TteSports Knucker Plunger Gaming Keyboard Review



/ 1 year ago
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knucker features

This week I have been putting the Knucker gaming keyboard from TteSports to the test, but this one is a little different to a lot of gaming keyboards on the market as it sets to combine some of the benefits of membrane keyboards with some of the benefits of a mechanical keyboard, yet its going to do it all for a very reasonable price tag, I aim to find out if it’s managed to succeed.

A quick search on Google will find you the Knucker available for around £35 including delivery and that sounds like pretty amazing value for a gaming keyboard, especially one from a well-respected brand such as TteSports. Of course for those of you who haven’t heard of TteSports before, they are the gaming orientated branch of Thermaltake, who are one of the most popular chassis and component manufacturers on the market, but their gaming brand TteSports have been working at the grass roots level within the pro gaming and eSports scene, even sponsoring a few gaming teams along the way such as Team Infused.

TteSports are building a firm fan base and a good reputation thanks to their strong affiliation with pro gamers, eSports and of course the millions of fans who follow the sport, attend events and of course play the games themselves. Gamers always want the best peripherals to enjoy their game with and if they’re priced fairly and performance is up to scratch, then a product can get very popular very quickly, so its important to get these things right.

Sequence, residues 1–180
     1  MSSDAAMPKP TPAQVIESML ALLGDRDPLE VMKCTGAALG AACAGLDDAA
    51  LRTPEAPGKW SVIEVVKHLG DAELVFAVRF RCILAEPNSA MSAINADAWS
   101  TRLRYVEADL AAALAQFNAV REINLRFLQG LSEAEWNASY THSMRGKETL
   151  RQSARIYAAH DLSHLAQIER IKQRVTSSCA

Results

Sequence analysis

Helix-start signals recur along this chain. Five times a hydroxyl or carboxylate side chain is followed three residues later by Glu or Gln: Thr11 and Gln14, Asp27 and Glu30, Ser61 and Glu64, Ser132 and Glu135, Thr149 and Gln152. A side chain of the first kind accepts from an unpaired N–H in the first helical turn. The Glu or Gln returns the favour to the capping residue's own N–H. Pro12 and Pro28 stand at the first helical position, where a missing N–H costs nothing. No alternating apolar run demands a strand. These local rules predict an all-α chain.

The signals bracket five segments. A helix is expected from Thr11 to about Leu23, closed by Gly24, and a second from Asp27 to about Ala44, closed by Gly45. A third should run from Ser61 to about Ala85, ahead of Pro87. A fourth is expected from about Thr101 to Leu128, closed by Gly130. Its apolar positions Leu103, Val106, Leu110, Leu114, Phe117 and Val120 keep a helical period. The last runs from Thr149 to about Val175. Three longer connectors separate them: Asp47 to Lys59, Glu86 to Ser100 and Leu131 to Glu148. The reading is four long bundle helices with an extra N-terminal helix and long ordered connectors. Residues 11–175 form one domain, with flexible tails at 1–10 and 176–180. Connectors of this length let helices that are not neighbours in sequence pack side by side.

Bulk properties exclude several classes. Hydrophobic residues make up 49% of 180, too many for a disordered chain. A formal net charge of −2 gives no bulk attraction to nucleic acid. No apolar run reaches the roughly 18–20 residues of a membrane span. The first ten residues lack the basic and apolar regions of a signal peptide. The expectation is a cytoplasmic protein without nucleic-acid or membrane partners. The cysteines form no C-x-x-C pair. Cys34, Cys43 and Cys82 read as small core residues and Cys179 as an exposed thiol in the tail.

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The Knucker comes nicely packaged in the usual Thermaltake / TteSports colours and for a budget friendly product like this its quick a well design package. There are a few logos on the box as well as a few major features such as the anti-ghost, long key lifespan and repeat rate.

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Around the back of the box we have a few more details about features such as the plunger switch, anti-ghosting, repeat rate and key life expectancy, but we’ll go into more detail on those shortly. These details are broken down into 15 international languages across the back of the box.

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In the box I found a fabric bag containing some extra components, two stickers, the installation guide and a warranty booklet.

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The extra components include a key cap remover, PS2/USB adaptor and 8 red key caps for the WASD UDLR keys.